Franklin Avenue has posted a fun find: the drawings for a late 1950s plan to redevelop the Ambassador Hotel site with skyscrapers and rebrand it as the Ambassador International. At the time, the hotel's Schine family hoped to get rich(er) off the prime Wilshire Boulevard location, since the hotel itself never made much money. When Los Angeles lifted the twelve-story height limit in 1957, a lot of ambitious skyscraper schemes were unveiled then forgotten. This one foresaw a Rockefeller Center-like complex (there's that aspire-to-New York insecurity again) with the city's largest convention center. Donald Trump came along later and proposed a 125-story tower on the site, which Mike at Franklin Avenue also discusses.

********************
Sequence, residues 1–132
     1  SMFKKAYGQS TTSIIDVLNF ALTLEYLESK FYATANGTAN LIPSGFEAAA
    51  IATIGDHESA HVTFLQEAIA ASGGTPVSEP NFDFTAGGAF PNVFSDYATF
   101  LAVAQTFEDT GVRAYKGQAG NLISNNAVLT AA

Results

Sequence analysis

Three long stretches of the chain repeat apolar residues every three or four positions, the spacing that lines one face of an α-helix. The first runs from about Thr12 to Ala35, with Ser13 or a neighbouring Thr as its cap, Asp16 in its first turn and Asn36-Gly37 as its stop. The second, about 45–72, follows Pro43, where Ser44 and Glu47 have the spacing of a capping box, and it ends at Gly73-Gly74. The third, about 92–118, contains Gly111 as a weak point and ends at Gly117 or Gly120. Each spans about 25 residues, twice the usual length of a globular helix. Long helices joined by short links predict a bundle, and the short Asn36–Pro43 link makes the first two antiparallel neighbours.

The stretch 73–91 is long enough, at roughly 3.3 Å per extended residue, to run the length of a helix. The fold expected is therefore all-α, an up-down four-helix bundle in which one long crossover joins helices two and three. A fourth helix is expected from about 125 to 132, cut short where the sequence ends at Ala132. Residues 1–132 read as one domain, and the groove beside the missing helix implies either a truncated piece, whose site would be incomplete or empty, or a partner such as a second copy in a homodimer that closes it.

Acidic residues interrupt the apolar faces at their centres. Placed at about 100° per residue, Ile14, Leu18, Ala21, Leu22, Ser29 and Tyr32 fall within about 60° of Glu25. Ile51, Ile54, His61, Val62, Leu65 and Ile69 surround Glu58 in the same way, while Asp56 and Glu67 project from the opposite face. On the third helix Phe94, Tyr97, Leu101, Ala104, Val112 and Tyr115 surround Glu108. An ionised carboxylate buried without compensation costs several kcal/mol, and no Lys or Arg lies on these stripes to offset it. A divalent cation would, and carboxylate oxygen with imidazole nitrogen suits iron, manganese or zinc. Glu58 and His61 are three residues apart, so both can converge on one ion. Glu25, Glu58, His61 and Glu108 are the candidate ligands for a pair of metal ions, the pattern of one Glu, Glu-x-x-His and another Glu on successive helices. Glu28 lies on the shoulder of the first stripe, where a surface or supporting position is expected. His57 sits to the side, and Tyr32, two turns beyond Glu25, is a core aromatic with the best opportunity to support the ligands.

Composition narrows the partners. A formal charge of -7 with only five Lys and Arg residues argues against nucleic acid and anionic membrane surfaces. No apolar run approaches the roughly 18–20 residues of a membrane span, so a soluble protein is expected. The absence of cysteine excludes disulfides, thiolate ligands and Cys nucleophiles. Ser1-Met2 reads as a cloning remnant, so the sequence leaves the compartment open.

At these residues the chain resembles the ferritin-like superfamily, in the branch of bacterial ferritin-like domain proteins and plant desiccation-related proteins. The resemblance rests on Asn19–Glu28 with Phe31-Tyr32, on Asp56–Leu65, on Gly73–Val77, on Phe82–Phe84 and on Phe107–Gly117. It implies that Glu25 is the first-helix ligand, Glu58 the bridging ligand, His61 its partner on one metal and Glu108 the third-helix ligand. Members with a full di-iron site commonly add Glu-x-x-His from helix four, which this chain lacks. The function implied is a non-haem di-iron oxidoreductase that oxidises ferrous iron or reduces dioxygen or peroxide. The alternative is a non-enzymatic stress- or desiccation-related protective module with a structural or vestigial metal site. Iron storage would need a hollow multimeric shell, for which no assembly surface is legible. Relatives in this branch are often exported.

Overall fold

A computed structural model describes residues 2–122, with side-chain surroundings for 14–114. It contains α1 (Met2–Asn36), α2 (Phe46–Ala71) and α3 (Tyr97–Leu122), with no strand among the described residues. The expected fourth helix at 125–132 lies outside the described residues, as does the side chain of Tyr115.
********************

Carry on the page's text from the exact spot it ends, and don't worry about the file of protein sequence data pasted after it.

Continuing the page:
Schine trivia: The Ambassador Hotel president in the 1950s and 60s was G. David Schine, son of hotel mogul J. Myer Schine. The son was at the center of the famously televised Army-McCarthy hearings in 1954. Young Schine had been an anti-Communist volunteer for Sen. Joseph McCarthy and his adviser, Roy Cohn, when he was drafted. Unable to secure him special treatment, McCarthy and Cohn engaged in, and lost, a demagogic battle with the Army and President Eisenhower. Schine later got involved in Hollywood, acted in the "Batman" TV series and produced The French Connection. He died with his wife and son in a 1996 plane crash just off Burbank Airport. Here's a website devoted to all things G. David Schine.
Kind of in the same vein: LA City Nerd has gathered aerial photos of the city's traffic circles.